Democratic presidential candidate Sen. Kirsten Gillibrand announced on Wednesday that, if elected, she would pass a “Family Bill of Rights” within the first 100 days of taking office, unveiling a plan aimed at strengthening families and children from birth to kindergarten.
Gillibrand’s campaign, looking to break out in a crowded Democratic field in which the New York senator has struggled to get momentum, will highlight the new plan throughout the coming days, with a concerted push on social media and at events. Gillibrand is also slated to write a Medium post about the plan, will make media appearances on it and the campaign has produced a video to tout the proposal.
The proposal is not Gillibrand’s first policy rollout of her campaign, but it is the first the senator has promised to tackle in her first 100 days should her presidential run be successful.
The plan rests on five pillars: Providing Americans with the necessary care during pregnancy, guaranteeing the right to have a child through In vitro fertilization regardless of income, providing affordable nursery care for newborns, guaranteed paid family leave, including to care for a new child, and affordable and universal pre-kindergarten.
Although Gillibrand’s campaign has not determined a cost for the plan, campaign aides said on Wednesday that they would pay for the proposal with a financial transactions tax, which they believe will raise $777 billion over 10 years.
“My new proposal, the Family Bill of Rights, will make all families stronger – regardless of who you are or what your zip code is – with a fundamental set of rights that levels the playing field starting at birth,” Gillibrand said in a statement.
Gillibrand said the plan aims to guarantee that all children start at an equal footing, regardless of gender, race or socioeconomic status and that she hopes to implement this plan as a way to make parenthood attainable for anyone who wants it.
“Passing the Family Bill of Rights will be my priority in my first 100 Days as president, and I believe it will transform American families and their ability to achieve the American Dream,” she added.
Since announcing her campaign exploratory committee in January, Gillibrand has talked at length about protecting children and parenthood on the campaign trail, but this is her first proposal aimed at the issue. Gillibrand wrote the paid family leave plan at her law firm early in her career and often reflects on questions about education and children from a personal perspective as the mother of two sons.
“Trump has created a lot of anxiety in the world, and a lot of hate and division. And I think people are feeling that this is the moment they have to do whatever it takes,” Gillibrand said of her sons’ reactions to her running during an interview early in her campaign. “And even Henry, who is 10, feels, you know, ‘Mom, you may be the only one who can beat him. You should do this.’”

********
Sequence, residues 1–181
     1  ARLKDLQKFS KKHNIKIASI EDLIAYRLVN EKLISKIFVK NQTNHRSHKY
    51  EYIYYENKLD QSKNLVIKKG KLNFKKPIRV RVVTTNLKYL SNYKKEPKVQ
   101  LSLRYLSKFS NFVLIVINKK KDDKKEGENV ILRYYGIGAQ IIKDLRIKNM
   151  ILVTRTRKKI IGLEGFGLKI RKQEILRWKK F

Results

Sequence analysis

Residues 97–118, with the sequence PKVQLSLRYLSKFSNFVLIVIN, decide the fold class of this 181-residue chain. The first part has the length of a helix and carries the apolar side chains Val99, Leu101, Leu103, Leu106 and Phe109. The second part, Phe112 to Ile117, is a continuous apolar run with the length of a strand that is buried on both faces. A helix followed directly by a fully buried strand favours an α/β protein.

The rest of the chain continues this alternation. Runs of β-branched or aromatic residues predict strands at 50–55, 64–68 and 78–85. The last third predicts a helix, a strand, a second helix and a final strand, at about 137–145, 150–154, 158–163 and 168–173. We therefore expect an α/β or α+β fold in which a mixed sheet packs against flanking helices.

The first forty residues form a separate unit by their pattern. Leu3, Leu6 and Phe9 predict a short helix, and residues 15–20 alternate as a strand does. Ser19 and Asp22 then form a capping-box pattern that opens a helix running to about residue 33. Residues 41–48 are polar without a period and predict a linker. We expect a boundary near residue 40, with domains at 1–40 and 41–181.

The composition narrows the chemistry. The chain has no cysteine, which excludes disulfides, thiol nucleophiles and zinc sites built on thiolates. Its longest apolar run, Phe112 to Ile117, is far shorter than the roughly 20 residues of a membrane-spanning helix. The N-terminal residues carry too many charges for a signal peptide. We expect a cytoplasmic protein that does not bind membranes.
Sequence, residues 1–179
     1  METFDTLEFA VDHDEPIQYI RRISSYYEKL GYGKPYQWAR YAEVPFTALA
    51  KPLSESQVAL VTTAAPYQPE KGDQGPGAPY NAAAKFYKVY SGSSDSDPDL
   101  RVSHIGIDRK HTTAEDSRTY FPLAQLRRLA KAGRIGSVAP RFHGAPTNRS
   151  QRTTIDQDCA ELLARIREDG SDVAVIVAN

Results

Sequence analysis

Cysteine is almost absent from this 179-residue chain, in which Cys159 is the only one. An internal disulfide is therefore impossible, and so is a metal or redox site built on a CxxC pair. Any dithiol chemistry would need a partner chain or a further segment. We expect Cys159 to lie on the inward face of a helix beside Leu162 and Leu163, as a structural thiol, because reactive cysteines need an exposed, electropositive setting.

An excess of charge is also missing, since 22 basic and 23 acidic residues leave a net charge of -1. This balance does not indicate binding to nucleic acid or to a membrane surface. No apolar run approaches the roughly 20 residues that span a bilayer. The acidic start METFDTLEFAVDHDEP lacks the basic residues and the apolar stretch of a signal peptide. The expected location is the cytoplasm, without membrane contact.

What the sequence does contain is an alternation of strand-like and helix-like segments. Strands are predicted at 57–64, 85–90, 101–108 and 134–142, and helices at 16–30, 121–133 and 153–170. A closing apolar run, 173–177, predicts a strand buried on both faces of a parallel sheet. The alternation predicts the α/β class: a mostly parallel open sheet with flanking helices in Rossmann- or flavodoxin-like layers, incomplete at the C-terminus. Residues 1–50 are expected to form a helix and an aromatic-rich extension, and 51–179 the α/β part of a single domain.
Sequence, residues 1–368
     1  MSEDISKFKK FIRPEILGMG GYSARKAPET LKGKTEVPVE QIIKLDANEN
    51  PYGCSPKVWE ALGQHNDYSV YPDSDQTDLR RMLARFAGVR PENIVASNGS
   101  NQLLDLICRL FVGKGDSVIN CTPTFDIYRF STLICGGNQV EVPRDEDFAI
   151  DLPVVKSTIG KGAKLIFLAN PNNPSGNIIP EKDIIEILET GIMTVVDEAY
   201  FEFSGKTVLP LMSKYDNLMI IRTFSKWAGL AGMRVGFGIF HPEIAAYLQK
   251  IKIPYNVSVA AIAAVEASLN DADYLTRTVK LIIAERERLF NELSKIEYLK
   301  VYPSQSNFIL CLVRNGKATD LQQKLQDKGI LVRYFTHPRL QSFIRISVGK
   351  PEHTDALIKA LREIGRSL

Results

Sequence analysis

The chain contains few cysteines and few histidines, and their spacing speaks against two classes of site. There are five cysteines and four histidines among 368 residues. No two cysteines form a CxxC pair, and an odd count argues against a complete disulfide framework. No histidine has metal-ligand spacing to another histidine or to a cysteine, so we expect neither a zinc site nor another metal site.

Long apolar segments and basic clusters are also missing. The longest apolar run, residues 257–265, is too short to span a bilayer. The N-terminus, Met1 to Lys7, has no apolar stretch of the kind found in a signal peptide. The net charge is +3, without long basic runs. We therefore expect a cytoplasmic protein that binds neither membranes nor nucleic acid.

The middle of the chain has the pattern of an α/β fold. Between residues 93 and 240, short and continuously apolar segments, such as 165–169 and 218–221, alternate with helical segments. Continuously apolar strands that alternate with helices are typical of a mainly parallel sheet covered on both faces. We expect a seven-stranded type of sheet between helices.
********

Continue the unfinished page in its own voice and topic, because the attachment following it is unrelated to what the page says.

Gillibrand, according to the plan, will look to address a lack of access to OB-GYNs, especially in rural communities, by increasing grant funding to rural health providers and “providing states and hospitals with access to new resources to develop.”
To encourage adoption and give low income families struggling to conceive an option, Gillibrand’s plan would offer “refundable adoption tax credits to ensure that a family’s ability to adopt” and “require insurance companies to cover the cost of fertility treatments like IVF.”
In an effort to make the early days of parenting easier, even for families who are struggling financially, Gillibrand has proposed providing families – regardless of income – a box of parenting supplies after a child is born. The box, according to the plan, would include “diapers, swaddle blankets and onesies, all in a decorated box with a small mattress that can be repurposed as a nursery bed” and be provided through the Department of Health and Human Services.
Gillibrand’s plan will also “create a national paid family and medical leave insurance program.” And, in an effort to guarantee affordable pre-kindergarten services, the plan outlines how a Gillibrand administration would increase the Child and Dependent Care tax credit for expenses related to child care and help states create universal pre-k programs.
Gillibrand, to date, has rolled out two other policy proposals. The senator proposed a “Clean Elections” plan earlier this month that looked to boost political participation by democratizing political giving. And she announced her reproductive rights agenda during a recent trip to Georgia, where the state’s Republican governor recently signed a controversial abortion bill into law.